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Gourmet Oil and Vinegar

Gourmet Oil and Vinegar

French Baguette

Bread itself dates back as long as written history takes us. However, what we commonly know as French bread today, the baguette, was brought about in the early twentieth century out of necessity. True French bread is thousands of years old. The truth is that the baguette is not even French. The baguette is a derivative of bread made in Vienna after steam ovens were put to use.

The baguette is a crispy long loaf of bread. It is typically about five centimeters wide and about 3 centimeters thick with a length of about two feet long. The baguette has a crispy crust on the outside with a white pitted crumb on the inside. The irregular holes can be fairly large and are characteristic of the baguette. In the mid 19th century, the steam oven brought about the French bread we know today.

It has been said that Napoleon is responsible for the invention of the baguette. However, the order to make long thin loaves that could easily be carried down the pant legs of soldiers, was not likely ever given. Napoleon’s armies carried portable ovens with them in their travels. The need for bread that would fit down the pant legs of his soldiers would not have been necessary. Napoleon did influence the production of bread by establishing standards for baking bread but had nothing to do with the invention of the baguette.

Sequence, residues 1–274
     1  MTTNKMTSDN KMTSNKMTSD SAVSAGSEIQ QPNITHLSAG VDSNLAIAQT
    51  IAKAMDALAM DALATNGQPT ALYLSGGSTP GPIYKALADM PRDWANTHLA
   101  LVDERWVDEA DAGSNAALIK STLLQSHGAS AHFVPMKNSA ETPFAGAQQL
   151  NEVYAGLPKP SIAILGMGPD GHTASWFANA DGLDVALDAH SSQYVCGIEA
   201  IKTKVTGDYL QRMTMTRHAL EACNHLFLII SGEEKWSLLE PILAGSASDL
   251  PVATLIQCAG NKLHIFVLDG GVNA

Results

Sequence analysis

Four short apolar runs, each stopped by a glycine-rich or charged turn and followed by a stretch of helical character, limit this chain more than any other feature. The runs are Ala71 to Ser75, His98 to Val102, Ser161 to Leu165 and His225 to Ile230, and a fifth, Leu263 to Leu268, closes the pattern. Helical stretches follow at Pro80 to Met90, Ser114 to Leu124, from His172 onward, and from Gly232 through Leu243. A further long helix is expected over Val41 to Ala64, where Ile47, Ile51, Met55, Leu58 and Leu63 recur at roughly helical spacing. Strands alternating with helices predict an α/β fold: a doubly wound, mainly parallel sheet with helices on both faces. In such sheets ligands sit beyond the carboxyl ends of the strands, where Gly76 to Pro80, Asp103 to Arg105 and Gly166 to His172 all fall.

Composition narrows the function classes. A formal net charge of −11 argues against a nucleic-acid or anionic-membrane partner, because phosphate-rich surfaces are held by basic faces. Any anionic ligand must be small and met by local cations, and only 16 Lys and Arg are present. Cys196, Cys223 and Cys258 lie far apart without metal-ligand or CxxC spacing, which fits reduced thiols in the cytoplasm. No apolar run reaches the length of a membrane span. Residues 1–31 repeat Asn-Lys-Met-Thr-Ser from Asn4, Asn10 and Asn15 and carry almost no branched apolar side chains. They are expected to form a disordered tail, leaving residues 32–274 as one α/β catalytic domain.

In 1920, French laws prohibited bakers from beginning work before four o’clock in the morning. This created a dilemma. How were they to have fresh bread ready in time for breakfast. Here is where the baguette was born. The long thin loaves of bread could be fully fermented, baked, and ready to eat by the time the early morning customers were ready to enjoy breakfast from their local bakery. Some English and French bakers still call the baguette “Vienna” bread. Most English people associate the words “French bread” with a long, golden baguette. The crust being crispy and sweet with surface cuts in the shape of a leaf. Never actually setting foot in France, they are unaware that traditional French bread was round and much fuller than the baguette.

We often serve sliced baguettes with some form of spread or cheese. Baguettes are also ideal for making sandwiches. The popularity of the baguette in France is obvious everywhere you go. It is not uncommon to see a baguette or two being carried by in the arms or backpack of the French pedestrian. Baguettes are enjoyed throughout France with jam, butter, cheese, or just plain.

French bakers loved the baguette due to the ease and speed of processing. Not to mention the fact that the baguette begins to stale within an hour of being baked making frequent trips to the bakery necessary. However, traditional French bread has regained popularity because of its longer shelf life. Traditional French bread will stay fresh up to two or three days.

To look in an American cookbook from the nineteenth or twentieth century, you would likely find recipes for French bread but a recipe for the baguette would not be found. It would seem as though the production of the baguette was limited to professional bakers.

French Baguette


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